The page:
We Africans love our maize. It is one of the most common food staples that is eaten quite similarly across the different countries of the continent.
Maize, which is also referred to as corn, is a cereal grain that is not only widespread in Africa but the world. It is full of fiber and highly nutritious. Maize can be eaten on the cob, as cereal, steamed, as a pudding/porridge and so on.
To know more about how this staple food is eaten across Africa, keep reading. (side note: there is a surprise recipe* at the end that originates from some place exotic!)
Here we go:
Sadza is a common staple food in Zimbabwe. It is made of corn meal (mealie-meal) which is finely ground and steamed in a pot to create a thick consistency that can be eaten with vegetables or soups such as Muriwo Unedovi or Muboora.
Banku or Kenkey are popular foods in Ghana which are similar to Sadza. They are fufu-like but are made with maize and sometimes with the addition of plantain or cassava. Kenkey is usually cooked in part, before being steamed in plantain leaves or banana husks for an added local flavor. They are also slightly grainy in texture and can be eaten with a pepper sauce (shito) and tilapia, or any soup of choice.
Ugali is a cornmeal popular in Eastern Africa. Although Ugali is primarily made from maize, it can be substituted with sorghum or millet flour and sometimes mixed with cassava flour. It can also be eaten with greens on the side or stews.
4. Corn and Ube
This is a street-side food that is predominantly eaten in Western Africa. The yellow corn is usually grilled by the roadside or steamed and often accompanied with grilled/ boiled Ube (Nsafu, butter fruit, African bush pear) or coconut.
Ogi/Akamu (Nigeria) is a meal made from fermented maize. It’s usually eaten as a breakfast meal, served with moi-moi (steamed bean pudding) or akara (deep fried bean puree). Newer variations include fruits to the mixture to give it a fruity flavor.
6. Phutu Pap
Phutu pap, also known as Krummelpap is another spin on cornmeal. Unlike sadza, kenkey or ogi, it has a grainy, fluffy and crumbly texture which can be scooped with a spoon, like rice. It is commonly eaten in South Africa and accompanied with stews such as chakalaka or sour milk.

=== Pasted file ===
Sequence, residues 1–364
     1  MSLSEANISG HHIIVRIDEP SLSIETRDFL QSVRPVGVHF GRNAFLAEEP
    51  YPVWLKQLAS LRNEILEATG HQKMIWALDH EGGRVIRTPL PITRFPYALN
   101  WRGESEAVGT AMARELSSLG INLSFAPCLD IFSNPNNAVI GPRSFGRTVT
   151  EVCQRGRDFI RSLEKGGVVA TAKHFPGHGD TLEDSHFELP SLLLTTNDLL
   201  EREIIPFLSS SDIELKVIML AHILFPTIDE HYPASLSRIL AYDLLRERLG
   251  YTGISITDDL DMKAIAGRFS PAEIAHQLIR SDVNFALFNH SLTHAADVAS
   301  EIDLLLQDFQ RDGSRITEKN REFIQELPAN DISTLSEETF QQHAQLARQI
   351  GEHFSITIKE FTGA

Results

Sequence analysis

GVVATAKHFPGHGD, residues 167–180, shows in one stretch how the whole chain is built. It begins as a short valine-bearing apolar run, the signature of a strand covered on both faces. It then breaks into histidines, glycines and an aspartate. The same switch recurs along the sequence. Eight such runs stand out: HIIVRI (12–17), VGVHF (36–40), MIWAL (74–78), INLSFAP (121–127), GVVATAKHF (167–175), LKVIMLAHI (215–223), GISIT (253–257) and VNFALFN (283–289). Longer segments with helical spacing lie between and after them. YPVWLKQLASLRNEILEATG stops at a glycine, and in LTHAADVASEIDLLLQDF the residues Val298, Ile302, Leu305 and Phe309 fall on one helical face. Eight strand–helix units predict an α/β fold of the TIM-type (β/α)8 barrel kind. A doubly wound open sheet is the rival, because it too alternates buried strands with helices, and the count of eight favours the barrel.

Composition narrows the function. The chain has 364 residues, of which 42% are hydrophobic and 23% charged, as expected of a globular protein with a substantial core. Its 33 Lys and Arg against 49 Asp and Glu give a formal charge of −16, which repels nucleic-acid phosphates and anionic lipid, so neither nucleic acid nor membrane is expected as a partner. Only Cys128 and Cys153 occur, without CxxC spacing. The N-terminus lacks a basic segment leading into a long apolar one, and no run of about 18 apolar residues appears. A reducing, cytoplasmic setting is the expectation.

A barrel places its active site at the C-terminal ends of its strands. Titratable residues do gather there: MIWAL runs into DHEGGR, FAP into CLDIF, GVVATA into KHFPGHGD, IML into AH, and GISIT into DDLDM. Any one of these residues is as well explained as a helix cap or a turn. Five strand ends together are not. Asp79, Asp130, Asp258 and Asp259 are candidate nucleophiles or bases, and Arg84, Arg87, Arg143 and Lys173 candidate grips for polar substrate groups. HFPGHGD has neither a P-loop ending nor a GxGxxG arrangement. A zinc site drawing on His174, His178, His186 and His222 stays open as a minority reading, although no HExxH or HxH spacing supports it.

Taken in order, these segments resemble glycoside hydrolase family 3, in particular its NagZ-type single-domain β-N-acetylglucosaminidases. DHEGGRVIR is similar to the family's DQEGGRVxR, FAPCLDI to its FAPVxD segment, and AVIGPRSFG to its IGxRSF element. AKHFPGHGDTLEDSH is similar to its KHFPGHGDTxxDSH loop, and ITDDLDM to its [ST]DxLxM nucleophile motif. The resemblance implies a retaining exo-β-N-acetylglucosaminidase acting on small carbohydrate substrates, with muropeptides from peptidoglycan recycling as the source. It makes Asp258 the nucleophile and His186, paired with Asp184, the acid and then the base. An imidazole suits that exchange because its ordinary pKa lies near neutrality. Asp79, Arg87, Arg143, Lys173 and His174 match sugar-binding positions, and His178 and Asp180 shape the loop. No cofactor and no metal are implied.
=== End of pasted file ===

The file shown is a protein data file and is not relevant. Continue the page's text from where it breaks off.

7. Pap en wors
South Africans love their Boerwors, which are a kind of sausages in the region cooked in a coil and can be eaten with virtually anything including mielie pap. The woers are added to a gravy which serves as a delicious accompaniment for the mielie pap. Pap en woers can also be served baked. The pap, boerewors, cheese, sauce and spices are combined in a dish and baked in a one-pot goodness.
8. Ukpo Oka
This a steamed corn pudding which is famous in the Niger Delta region of Nigeria. It is usually wrapped in leaves to give it a sturdy yet soft texture and earthy flavor. In some other parts of Nigeria, it is eaten as a porridge, complete with its own spices, and vegetables added to the pot. It can also be accompanied with yam, a tuber crop or garri (fried cassava grains).
Samp is what you get when kernels of corn have been dehulled or have had their husks removed. It can be cooked with peanut butter, beans, or served steamed with gravies like chakalaka.
Popcorn, the favorite snack which is now associated with movies is widely eaten in Africa. Although not originated in Africa, it is quite common here. The popcorn kernels expand when heated in the oven hence the “pop” in popcorn. It can be eaten as a roadside snack, sometimes with peanuts as is common on some streets in Nigeria.
11. Corn flakes
This is another not-originated-in-Africa-but-widely-eaten-here maize food. The first corn flakes were made by Dr. John Harvey Kellogg in 1894 in the United States by toasting flakes of corn. Now a lot of cereals which are made from corn can be found in markets. It’s high fiber content and easy preparation makes it a common favorite for breakfast.
Maize from the Caribbean with love…
Cou-cou is the national dish of Barbados. Due to how similar Carribean and African dishes are, cou-cou is worth a try if you are looking for a twist. Cou-cou is made with a cou-cou or fungi stick and cornmeal. After made to a thick fufu-like consistency, the Okra soup with the addition of “flying fish” is added to the cooked corn meal.
Featured image: https://mycopperpotdotcom